The update is rolling out to customers in the USA with wider availability later this year.
Again, you can't use both Alexa and Assistant on the same speaker at the same time, but you can assign different Sonos smart speakers to work with different voice assistants. Plug the speakers in, add them to your account, and it can create a whole-home audio setup without the need to run speaker wire through the walls.
With Google Assistant, Sonos promises a number of new things like system control, endless music streaming, easy control for TV, and the usual smart home connectivity.
Sonos has struggled to remain profitable, in its Q2 results the company reported floundering sales for Play:1 speaker which has struggled against offerings from JBL, Ultimate Ears, and more. This includes connecting to the Google Assistant for smart home devices, such as talking to Philips Hue lights and other Assistant-enabled devices, such as security cameras, too.
If you like your Sonos system, but have been less enamoured with Sonos' decision to support Amazon Alexa from the get-go as the smart assistant choice, change is coming.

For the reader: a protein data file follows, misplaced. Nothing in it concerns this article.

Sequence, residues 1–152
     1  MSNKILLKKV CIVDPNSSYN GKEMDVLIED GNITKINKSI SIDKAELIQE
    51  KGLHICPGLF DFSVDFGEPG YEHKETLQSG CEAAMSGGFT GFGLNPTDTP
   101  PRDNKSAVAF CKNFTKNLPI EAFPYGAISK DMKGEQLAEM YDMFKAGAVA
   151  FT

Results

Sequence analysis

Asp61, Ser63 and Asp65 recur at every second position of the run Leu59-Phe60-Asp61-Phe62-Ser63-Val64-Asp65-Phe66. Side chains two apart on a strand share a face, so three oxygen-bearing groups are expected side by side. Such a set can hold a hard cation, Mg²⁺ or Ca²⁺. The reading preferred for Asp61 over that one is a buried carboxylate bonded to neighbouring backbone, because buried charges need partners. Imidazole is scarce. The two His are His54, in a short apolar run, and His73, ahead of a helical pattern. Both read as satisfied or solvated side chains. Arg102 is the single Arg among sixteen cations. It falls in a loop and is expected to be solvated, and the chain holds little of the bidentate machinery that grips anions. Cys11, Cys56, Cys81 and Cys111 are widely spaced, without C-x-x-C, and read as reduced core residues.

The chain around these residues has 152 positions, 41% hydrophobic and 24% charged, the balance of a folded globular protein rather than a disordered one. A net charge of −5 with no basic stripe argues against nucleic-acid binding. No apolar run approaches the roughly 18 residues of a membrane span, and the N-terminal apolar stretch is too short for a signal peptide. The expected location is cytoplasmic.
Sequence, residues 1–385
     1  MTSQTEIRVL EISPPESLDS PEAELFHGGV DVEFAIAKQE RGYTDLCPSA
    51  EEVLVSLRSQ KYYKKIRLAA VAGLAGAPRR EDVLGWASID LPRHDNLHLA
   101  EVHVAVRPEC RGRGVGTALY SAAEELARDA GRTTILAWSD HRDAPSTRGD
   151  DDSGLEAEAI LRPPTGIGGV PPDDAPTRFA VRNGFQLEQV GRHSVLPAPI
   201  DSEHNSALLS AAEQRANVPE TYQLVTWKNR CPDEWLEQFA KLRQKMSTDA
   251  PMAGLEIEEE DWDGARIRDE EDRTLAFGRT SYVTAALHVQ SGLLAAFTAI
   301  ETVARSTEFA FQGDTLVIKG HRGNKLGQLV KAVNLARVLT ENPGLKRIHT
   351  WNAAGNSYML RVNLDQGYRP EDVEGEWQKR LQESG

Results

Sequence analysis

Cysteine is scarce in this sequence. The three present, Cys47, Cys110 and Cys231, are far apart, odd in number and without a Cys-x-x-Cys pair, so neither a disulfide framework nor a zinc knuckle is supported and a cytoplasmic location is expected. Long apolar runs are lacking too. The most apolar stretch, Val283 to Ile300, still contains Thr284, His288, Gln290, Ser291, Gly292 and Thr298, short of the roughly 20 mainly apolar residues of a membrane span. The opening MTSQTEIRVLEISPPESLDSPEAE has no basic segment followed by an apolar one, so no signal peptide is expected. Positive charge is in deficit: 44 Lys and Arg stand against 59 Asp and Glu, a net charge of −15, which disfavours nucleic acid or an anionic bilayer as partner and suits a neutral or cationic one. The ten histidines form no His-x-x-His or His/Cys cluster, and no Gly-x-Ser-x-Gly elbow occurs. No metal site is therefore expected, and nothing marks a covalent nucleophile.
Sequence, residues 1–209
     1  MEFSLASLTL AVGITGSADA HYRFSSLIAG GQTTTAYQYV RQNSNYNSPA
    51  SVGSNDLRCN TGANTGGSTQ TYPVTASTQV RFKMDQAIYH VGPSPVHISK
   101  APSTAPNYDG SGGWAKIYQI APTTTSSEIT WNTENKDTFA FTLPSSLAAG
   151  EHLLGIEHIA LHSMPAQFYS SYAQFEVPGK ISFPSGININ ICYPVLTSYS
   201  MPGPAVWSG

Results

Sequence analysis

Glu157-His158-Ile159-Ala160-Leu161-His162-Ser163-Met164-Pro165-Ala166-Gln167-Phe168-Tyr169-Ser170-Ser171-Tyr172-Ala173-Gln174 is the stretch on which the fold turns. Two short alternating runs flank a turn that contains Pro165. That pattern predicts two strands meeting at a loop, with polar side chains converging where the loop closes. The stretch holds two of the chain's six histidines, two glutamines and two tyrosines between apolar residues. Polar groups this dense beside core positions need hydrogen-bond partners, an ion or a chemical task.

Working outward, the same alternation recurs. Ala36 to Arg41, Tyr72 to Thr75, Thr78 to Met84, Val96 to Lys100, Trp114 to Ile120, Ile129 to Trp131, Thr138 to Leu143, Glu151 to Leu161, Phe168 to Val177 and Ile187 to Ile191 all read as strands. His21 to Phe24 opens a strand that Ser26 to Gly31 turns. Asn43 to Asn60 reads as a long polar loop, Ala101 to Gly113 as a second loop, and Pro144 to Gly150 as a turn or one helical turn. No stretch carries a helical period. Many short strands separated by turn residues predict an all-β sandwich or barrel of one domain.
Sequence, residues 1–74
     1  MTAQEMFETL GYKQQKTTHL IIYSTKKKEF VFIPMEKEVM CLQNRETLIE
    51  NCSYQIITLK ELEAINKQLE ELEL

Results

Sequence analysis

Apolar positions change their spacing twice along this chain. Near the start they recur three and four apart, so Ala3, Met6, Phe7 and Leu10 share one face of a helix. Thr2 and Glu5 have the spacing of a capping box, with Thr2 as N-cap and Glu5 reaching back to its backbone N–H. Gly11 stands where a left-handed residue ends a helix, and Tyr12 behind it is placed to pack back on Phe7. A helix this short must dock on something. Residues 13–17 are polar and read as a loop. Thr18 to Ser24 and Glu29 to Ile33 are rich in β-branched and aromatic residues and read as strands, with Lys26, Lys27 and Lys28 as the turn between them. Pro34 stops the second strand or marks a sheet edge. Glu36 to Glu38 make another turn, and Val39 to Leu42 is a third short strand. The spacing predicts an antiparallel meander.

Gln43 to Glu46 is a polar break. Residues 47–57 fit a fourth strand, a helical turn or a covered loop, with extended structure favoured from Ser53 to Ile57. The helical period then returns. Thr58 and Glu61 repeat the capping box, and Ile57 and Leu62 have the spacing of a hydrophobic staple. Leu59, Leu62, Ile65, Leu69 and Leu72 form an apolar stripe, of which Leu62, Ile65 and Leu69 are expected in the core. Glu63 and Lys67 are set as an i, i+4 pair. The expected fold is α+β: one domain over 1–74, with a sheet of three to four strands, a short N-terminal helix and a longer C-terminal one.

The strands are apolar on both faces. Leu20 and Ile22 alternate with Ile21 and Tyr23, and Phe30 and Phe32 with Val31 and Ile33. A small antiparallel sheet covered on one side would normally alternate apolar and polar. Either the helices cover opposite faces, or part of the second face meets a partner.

This update is rolling out now starting in the US and then will be expanded to the UK, Germany, Canada, Australia, France, The Netherlands and more over the coming months.
It's been kind of incredible just how long it's taken the Assistant to make its way to Sonos speakers, but as someone that has two Ones, a Beam, and an Assistant speaker in virtually every room, I'm beyond excited that today has finally come.
Sonos also supports Assistant features like continued conversation (so you don't have to keep saying "Hey Google") and broadcast mode. We imagine a day where we'll have multiple voice assistants operating concurrently on the same device, and we're committed to making that happen as soon as possible.
"We experienced a temporary outage for some of our customers this morning as a result of the firmware update to Sonos players", the company said in a statement to CNET.
The free update, which has gone live today in the United States, allows owners to use voice control to control music on services such as Spotify, Google Play Music, YouTube Music, Tidal, iHeartRadio, TuneIn, Pandora, and Deezer.
As it can run locally on smartphones, it enabled Google to design an upgraded Assistant that can process speech on-device at "nearly zero latency".